Showbiz Sandbox 254: Are HBO and CBS Really Really Becoming Cord-Cutters?
October 21, 2014
The entertainment industry was stunned last week when Time Warner announced plans for HBO to go over the top. The premium cable channel intends to offer a standalone service in the US come 2015 that won’t require a cable subscription. Legions of cord-cutters rejoiced upon learning the news, but what they weren’t actually hearing about were the details of how the new plan would work.
Just a day later the broadcast network CBS offered a bit more information about their upcoming Access All In streaming service. The network will begin offering their programming directly to viewers via the web and mobile apps at a cost of $6 per month.
Both of these landmark moves are being seen as bellwethers for how television will be distributed in the future and they come with all sorts of ramifications. Will selecting television channels a la carte actually increase our cable bills? What do all these new services mean for net neutrality? What does all of this mean for Netflix? We’ll explain.
Of course, we also cover the week’s top entertainment news stories including Amazon’s deal with Simon & Schuster, Neil Patrick Harris gets tapped to host next year’s Oscars and why pop-star Lorde is persona non grata in San Francisco.
Global Box Office: Middle East Embrace of Gone Girl Helps Keep It On Top
HBO Says It’s Going to Start Selling on the Web Next Year
HBO Has Embraced Netflix’s Business Model, But Not Its Net Neutrality Politics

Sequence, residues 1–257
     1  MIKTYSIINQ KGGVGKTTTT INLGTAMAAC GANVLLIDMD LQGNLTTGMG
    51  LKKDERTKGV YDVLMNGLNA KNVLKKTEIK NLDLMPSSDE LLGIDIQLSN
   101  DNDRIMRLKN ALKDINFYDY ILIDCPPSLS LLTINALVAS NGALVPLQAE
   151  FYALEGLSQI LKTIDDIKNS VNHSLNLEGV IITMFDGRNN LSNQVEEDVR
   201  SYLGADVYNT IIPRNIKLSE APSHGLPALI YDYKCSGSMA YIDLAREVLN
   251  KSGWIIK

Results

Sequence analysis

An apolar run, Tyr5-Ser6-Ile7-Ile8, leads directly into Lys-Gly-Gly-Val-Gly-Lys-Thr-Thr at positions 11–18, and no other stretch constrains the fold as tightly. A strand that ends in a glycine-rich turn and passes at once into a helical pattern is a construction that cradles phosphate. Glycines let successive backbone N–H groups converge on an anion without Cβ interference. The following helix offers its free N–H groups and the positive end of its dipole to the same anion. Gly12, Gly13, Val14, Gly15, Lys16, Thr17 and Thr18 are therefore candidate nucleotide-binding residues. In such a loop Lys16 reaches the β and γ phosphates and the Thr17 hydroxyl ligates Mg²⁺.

Time Warner Investor Day: Five Things To Watch
Netflix Shares Plunge as Growth Disappoints
Cord-Cutters Rejoice: CBS Joins Web Stream
Warner Bros. Will Cut Costs by $200 Million Annually, CEO Says
Neil Patrick Harris to Host the Oscars
Steve McQueen Drama Lands HBO Pilot Order, Casts Its Star
Average Movie Ticket Prices Drop to $8.08
‘Twin Peaks’ Co-Creator to Reveal Characters’ Fates Over Last 25 Years in New Book
Nielsen Goof Fixed; NBC’s Brian Williams Remains News Champ
Lorde’s Royals Banned In San Francisco Ahead of World Series
Amazon Strikes Deal With Simon & Schuster
S&S, Amazon Agree on ‘Version’ of Agency Pricing
Amazon’s Monopsony Is Not O.K.
Misty Upham Confirmed Dead: Meryl Streep and Melissa Leo Express Grief
Oscar de la Renta, Who Clothed Stars and Became One, Dies at 82
Alain Siritzky, Producer of the ‘Emmanuelle’ Films, Dies at 72
Elizabeth Peña Dies at 55; Actress In ‘The Incredibles,’ ‘La Bamba’